Naomi: We only launched the whole business in March 2019.
Queerly Not Straight: Really? Woah. And how big is your collection now of sapphic material?
Naomi: We’ve got over 85 shorts, over 20 features, and 7 web series.
Queerly Not Straight: That’s amazing! That’s really cool.
Naomi: It’s not even 25% of what’s out there in the world. That’s crazy.
Queerly Not Straight: I mean, it’s a place and a platform where people could go. And I’ve heard really good things. I was talking to a couple other creators and they were like, “Yeah, my movie is on Lesflicks.”
I wanted to ask, how else does Lesflicks support the queer community besides being a streaming platform?
Naomi: That’s actually a good thing to ask because one of the reasons why we’re different, we’re not just a streaming platform. For me, the way that we can be most effective and supportive is by being more than a streaming platform. So we do events where the audience can come together and meet each other. That offers social space, which is really important for a disconnected community. I think we need more spaces that aren’t focused on alcohol where you can come together and meet like minded women. So that’s something that we’re really proud to do.
We also have a film database, so obviously on the platform we only have so many films. We can’t get every film. But we still want the audience to know what films are made for them. So we have a film database which is just really about trying to centralize the hundreds and hundreds of titles. So you can find something new.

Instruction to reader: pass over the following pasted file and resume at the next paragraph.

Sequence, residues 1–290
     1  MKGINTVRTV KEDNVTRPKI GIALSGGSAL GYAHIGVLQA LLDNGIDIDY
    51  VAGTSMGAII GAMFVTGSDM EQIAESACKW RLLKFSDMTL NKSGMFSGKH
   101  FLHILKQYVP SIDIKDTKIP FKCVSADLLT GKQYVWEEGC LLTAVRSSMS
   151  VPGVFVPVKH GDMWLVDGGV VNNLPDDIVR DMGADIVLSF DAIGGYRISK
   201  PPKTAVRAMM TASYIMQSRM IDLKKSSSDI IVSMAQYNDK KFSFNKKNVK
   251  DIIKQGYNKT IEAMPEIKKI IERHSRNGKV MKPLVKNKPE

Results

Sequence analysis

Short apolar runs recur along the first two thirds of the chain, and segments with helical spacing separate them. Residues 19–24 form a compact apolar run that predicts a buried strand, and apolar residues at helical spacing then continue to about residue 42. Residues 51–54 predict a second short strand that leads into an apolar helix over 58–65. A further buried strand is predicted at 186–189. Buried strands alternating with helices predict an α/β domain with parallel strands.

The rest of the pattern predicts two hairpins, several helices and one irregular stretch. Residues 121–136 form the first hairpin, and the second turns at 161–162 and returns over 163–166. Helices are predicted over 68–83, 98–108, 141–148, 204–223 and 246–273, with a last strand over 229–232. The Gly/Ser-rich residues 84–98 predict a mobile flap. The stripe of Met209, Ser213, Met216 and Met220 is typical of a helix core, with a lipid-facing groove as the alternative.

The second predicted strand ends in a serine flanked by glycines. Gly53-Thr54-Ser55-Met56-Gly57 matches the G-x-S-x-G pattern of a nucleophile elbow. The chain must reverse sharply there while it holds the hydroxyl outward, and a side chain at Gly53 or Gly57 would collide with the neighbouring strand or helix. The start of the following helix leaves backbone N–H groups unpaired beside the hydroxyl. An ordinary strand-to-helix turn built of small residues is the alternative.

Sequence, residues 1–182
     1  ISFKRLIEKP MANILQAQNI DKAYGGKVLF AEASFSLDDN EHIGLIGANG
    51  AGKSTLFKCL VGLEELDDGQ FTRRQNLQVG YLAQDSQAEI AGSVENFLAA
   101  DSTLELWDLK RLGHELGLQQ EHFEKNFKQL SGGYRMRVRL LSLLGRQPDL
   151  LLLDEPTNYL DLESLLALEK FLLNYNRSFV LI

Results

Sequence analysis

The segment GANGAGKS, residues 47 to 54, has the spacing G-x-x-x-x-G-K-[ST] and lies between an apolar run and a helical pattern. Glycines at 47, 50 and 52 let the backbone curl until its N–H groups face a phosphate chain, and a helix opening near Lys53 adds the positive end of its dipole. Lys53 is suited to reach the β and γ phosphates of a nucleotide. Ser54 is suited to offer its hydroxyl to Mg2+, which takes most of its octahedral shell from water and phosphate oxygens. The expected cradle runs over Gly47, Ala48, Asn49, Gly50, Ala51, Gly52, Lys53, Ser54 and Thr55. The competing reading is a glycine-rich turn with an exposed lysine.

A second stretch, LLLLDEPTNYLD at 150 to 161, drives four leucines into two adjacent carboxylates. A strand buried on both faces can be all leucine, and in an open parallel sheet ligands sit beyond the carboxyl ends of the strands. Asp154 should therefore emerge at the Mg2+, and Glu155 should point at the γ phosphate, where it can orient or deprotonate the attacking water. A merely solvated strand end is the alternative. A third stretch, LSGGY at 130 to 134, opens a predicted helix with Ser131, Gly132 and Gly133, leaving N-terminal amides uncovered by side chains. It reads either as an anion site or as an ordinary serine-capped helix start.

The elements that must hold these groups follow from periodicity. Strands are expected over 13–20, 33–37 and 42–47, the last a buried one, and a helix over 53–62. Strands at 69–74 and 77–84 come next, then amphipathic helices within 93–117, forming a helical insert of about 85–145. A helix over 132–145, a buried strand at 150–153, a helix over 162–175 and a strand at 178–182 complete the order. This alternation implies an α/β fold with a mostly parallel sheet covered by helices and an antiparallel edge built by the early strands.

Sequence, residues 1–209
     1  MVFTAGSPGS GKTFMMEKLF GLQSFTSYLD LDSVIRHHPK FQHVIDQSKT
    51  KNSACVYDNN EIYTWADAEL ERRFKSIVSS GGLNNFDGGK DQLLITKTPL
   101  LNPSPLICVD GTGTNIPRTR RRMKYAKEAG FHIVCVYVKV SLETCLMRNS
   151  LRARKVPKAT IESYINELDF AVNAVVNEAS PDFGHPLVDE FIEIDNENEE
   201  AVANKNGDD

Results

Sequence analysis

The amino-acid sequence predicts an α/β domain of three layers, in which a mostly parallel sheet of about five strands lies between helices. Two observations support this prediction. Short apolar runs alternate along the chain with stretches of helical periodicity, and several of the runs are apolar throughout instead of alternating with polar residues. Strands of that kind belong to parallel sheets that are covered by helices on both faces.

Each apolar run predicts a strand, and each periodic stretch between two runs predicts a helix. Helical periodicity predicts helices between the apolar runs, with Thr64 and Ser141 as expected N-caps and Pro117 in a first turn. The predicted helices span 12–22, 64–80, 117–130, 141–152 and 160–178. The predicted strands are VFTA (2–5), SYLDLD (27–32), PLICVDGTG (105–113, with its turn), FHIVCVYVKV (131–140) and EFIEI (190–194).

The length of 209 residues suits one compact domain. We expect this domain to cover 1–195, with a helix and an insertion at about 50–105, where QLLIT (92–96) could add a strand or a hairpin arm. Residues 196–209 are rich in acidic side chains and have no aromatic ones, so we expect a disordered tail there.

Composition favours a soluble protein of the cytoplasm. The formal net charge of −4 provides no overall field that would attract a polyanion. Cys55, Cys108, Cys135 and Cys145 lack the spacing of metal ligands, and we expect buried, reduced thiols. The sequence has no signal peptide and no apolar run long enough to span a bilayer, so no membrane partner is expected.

We do articles and reviews because not many places review lesbian and bisexual women’s films unless they have celebrities and that’s probably 1% of the movies that get made. If you have someone that is big enough for any kind of media, LGBTQ or mainstream, we want to review it. So the editorial is really important as well. And it provides this full rounded picture, really.
And we also do things like signal boost and crowdfunding. Although, in the long term we’d love to offer better options than crowdfunding. I don’t think crowdfunding is a great solution. You’re kind of asking the community that are going to buy the film in the end to also support the film in the early days. So we’re looking at what we can do to improve the financing options as well.
Queerly Not Straight: What are some films on Lesflicks that you’re most proud of having on the platform?
Naomi: God, there’s so many. So, the platform launched earlier than it was supposed to in the first place because Jillian Armenante Kittens in a Cage was just, “Oh my god. It’s so great.” So we launched early and I was proud to support that through the platform. Christie Conochalla’s Forever Not Maybe, it was her first feature film and it took her 5 years to make. She really got hit by the pandemic. And it was just so nice to give that film a home and help her get it to the audience. So I was really proud of that.